Panama law firm’s covert global sales network operated under the radar
MIAMI - It appears that Mossack Fonseca's public relations campaign, aimed at disseminating disinformation, and denying the Panama law firm's role in global tax evasion, money laundering, and global investment of criminal proceeds, is in high gear.
Mossack Fonseca partner Ramón Fonseca has claimed that the source of the information was a massive hack of the firm's database, when in truth and in fact it was Fonseca's mistreated, spurned mistress, a former employee, who was the primary source of the information.
The law firm has been totally silent about its off-the-books, cleverly disguised international network of salesmen, hawking the virtues of the firm's services.
None of the offshore services offered involved legal advice, merely tax dodges, wealth management of cash with no questions asked about source of funds, and investment of anyone's money, irrespective of their status as a government official, with ready access to public money.
While it is true that only attorneys and law firms can form corporations under Panamanian law, all this type of work is done by paralegal assistants, and the only advice proffered is a referral to the firm's wealth management and other subsidiaries, which will hide the client's proceeds of crime.
These are two examples of Mossack Fonseca’s opaque method of offering questionable, non-legal services to prospective clients overseas:
(1) Canadian investigators have uncovered a Vancouver corporation, ostensibly open for only one year, offering Mossack Fonseca services, a decade ago. Here's the twist: even though the company is allegedly closed, it is still listed as a Mossack Fonseca asset in some places, its telephone still works, and the Canadian attorney originally listed as the local manager has a long and dark history of involvement in suspect activities; he also maintains other vehicles for offshore work, not named as Mossack Fonseca subsidiaries. There was also a covert office in Toronto, located within a million-dollar condominium apartment in the city's financial district, operated by a "wealth manager”.
(2) Mossack Fonseca’s Miami, Florida, sales office is located in a luxury condominium apartment on pricey Brickell Avenue; however, there are no means of contacting it, nor the names of staff members. The registered agent is itself a corporation. It has no webpage, nor ascertainable email address. Exactly how are prospective clients to contact it? The answer is: don't call us, we'll call you. One seriously doubts that this covert sales office files any US tax returns.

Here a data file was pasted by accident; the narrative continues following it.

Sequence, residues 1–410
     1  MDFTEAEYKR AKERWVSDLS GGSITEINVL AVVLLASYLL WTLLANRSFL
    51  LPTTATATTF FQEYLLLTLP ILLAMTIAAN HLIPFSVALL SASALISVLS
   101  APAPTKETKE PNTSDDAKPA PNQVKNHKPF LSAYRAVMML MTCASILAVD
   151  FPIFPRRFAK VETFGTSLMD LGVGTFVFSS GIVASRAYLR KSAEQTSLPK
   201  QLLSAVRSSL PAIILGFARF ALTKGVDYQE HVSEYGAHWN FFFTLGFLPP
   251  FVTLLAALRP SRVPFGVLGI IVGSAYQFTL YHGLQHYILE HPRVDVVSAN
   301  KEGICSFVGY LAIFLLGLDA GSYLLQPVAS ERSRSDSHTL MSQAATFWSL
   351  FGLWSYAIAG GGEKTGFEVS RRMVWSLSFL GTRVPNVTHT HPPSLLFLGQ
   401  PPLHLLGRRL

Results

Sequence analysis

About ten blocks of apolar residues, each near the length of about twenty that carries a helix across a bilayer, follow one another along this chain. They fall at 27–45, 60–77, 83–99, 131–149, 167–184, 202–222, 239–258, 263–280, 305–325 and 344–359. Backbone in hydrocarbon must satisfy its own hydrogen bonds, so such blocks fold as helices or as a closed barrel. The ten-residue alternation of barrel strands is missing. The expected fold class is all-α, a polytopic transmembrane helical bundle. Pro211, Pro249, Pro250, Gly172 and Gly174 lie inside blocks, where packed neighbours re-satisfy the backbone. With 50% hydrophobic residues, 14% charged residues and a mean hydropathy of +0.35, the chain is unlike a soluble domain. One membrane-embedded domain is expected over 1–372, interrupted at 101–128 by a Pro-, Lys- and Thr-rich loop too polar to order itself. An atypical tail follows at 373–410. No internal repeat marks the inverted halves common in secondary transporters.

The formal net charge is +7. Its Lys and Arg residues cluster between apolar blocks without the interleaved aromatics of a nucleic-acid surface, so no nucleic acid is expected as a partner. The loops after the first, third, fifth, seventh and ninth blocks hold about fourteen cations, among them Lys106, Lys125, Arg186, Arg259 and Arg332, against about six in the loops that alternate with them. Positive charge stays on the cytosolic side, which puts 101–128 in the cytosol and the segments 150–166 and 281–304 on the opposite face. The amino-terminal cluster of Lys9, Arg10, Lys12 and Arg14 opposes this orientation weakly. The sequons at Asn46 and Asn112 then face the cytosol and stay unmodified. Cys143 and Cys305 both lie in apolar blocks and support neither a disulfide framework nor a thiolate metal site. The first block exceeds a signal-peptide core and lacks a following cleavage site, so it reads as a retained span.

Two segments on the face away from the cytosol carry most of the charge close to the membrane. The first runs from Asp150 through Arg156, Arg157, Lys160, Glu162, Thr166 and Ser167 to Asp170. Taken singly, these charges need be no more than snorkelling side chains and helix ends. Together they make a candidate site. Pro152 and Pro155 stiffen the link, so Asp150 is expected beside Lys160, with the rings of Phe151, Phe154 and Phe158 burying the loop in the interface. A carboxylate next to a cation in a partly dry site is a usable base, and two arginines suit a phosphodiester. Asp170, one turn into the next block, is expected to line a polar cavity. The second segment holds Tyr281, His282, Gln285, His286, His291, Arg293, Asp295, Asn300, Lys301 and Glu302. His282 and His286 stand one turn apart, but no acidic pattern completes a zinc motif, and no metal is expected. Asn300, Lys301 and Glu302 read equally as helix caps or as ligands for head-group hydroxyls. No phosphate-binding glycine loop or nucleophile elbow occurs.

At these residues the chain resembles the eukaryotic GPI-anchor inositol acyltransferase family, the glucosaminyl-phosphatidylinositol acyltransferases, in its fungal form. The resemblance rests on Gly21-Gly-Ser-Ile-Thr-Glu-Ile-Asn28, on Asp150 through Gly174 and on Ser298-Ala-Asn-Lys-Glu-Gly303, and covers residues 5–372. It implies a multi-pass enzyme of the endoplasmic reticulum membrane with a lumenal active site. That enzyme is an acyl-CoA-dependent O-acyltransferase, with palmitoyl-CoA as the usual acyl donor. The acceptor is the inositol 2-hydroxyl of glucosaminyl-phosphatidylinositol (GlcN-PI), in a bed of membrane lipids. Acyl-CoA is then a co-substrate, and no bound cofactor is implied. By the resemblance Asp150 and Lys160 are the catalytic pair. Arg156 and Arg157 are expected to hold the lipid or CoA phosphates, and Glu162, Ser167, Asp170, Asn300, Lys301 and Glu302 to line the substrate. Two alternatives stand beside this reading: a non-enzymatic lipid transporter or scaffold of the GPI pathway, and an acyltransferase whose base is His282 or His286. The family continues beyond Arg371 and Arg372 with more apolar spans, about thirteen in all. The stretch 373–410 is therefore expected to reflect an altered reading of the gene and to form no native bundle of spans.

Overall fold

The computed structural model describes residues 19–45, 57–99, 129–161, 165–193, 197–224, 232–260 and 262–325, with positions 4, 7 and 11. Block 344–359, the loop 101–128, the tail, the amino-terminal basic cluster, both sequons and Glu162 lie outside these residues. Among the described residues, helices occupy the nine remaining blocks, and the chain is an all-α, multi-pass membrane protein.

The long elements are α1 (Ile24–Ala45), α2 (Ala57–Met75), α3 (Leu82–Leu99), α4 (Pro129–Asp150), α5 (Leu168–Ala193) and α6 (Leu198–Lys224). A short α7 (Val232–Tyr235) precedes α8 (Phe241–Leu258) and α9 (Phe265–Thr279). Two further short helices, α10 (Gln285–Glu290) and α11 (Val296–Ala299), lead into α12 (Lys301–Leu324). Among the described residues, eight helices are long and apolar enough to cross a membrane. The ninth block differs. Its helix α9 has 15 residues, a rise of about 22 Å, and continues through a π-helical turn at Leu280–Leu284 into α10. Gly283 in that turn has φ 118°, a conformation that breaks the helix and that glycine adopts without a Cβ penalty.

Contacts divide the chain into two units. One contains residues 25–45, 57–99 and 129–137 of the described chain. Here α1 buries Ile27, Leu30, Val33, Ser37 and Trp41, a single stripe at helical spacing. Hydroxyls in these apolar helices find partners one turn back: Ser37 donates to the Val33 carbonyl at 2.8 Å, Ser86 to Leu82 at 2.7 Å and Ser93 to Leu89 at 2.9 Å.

Multiply these stories 120 times, as related by a Mossack Fonseca wealth management staff members, and you have a good idea of how this law firm pulls in dodgy clients, with dirty money.
Meanwhile, the finance minister of France, Michael Sapin, in a meeting of the National Assembly, has advised lawmakers that he intends to place Panama back on the French list of uncooperative tax havens. The grounds appear to be the earth-shattering disclosures popularly known as the Panama Papers, specifically the actions of the law firm of Mossack Fonseca in setting up offshore corporations for foreign nationals who were tax evaders.
Sapin also noted for those at the meeting that Panama has failed to follow through on its commitment to the OECD to share tax information with the countries of the European Union. The automatic tax information exchange has been proceeding in schedule at other offshore financial centres, but Panama has resisted orderly cooperation.
Some 515 Panama shell companies showed up in French criminal investigations in 2015, according to statements by the finance ministry, which has now opened a new investigation into aggravated tax evasion of it citizens, as the direct result of the Panama Papers scandal.
By Kenneth Rijock
Kenneth Rijock is a banking lawyer turned-career money launderer (10 years), turned-compliance officer specialising in enhanced due diligence, and a financial crime consultant who publishes a Financial Crime Blog. The Laundry Man, his autobiography, was published in the UK on 5 July 2012.